Join us on this course and you will develop your systemic knowledge and skills, and increase the effectiveness of your direct work with children and families with children.
Designed as an intermediate year of training for systemic psychotherapy and end-stage training as a systemic practitioner, it is built on the theoretical and practice frameworks established in the foundation year. It aims to deepen your confidence in employing different approaches encompassed by systems theory, and will encourage you to incorporate reflexive thinking in your work.
The course is designed to help professionals to develop and deepen systemic knowledge and skills in order to increase the effectiveness of direct work with individual children and families with minor children across a broad range of contexts. The course is both an intermediate year of training for systemic psychotherapy and end stage training as a systemic practitioner. It is built on the theoretical and practice frameworks established in the foundation year of training. It seeks to deepen students familiarity with and confidence in employing a number of approaches encompassed by systems theory.
The course is suitable for professionals who wish to increase their capacity to work directly with families with young children. This includes nurses, social workers, teachers, counsellors, other health professionals and those in front line services who wish to utilise a systemic approach with clients.
The course stresses the importance of understanding professional contexts and the way in which they relate to work with families with children. Particular emphasis is placed on thinking about ways of working which meet the needs of the most disadvantaged client groups and which take account of the legislative frameworks within which most practitioners will have to work. Attention to issues of difference and the promotion and development of anti-oppressive practice are central to the course philosophy and permeate all aspects of the teaching.
In addition the course focuses on the development of the therapeutic relationship and the use of self in direct work with individuals and families.
On completing the course students are likely to have access to posts that require therapeutic skills in working with families with minor children. One example is in the Health and Social Care fields following the Munro Report on Child Protection which promotes systemic ideas as essential skills for front line workers. This course provides Intermediate training in systemic ideas that are applicable to social care, health, education and other contexts. On successful completion of this course students may describe themselves as systemic practitioners, an end target in itself, and also an intermediate stage in the full systemic psychotherapist training.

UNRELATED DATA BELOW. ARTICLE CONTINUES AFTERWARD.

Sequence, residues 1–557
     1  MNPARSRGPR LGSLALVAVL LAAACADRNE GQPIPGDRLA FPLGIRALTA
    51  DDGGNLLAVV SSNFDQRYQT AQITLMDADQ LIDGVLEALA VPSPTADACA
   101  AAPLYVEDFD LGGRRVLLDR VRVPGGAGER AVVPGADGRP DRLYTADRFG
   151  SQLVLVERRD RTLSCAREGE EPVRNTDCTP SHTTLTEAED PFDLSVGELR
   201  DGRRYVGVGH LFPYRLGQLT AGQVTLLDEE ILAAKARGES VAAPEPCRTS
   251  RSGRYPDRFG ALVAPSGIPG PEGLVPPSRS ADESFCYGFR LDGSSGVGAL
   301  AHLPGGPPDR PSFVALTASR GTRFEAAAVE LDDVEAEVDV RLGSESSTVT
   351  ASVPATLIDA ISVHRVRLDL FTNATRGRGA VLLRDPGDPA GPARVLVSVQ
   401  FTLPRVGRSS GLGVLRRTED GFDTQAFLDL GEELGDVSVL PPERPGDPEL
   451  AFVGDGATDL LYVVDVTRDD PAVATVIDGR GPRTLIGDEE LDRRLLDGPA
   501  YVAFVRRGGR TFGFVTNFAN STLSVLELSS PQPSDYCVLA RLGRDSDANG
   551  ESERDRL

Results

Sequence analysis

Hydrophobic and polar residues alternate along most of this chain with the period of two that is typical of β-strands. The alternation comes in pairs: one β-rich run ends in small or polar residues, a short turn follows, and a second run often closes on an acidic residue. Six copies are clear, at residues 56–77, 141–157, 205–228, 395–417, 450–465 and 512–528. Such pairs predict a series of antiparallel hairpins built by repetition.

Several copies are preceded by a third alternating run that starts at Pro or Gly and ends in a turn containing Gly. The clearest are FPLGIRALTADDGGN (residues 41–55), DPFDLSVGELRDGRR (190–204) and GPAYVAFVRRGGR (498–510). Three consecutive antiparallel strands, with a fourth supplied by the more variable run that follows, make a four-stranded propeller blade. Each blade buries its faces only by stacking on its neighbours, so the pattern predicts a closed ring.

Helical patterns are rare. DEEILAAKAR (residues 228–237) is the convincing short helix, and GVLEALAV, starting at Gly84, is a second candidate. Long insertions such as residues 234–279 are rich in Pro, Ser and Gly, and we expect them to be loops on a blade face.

Some students enter the course to enhance their current practice with families with minor children or their carers without changing their work context. One example are counsellors who have originally trained to work with individuals and who use this foundation training to move towards working with families in the voluntary sector or as a stepping stone to further training.
For those in the statutory sector, many use the course to expand their practice and to develop routes to promotion into social care, management or supervision.
Students are encouraged to apply all of the learning to their work context which will enhance their career management skills. The course develops a range of practice skills which the student transfers directly into the work place; these include direct work and consultation skills.
On successful completion of the course you can use the title `Systemic Practitioner. This is a title recognised by the Association of Family Therapy and Systemic Practice and is highly regarded by employers in social care, education and the voluntary sector.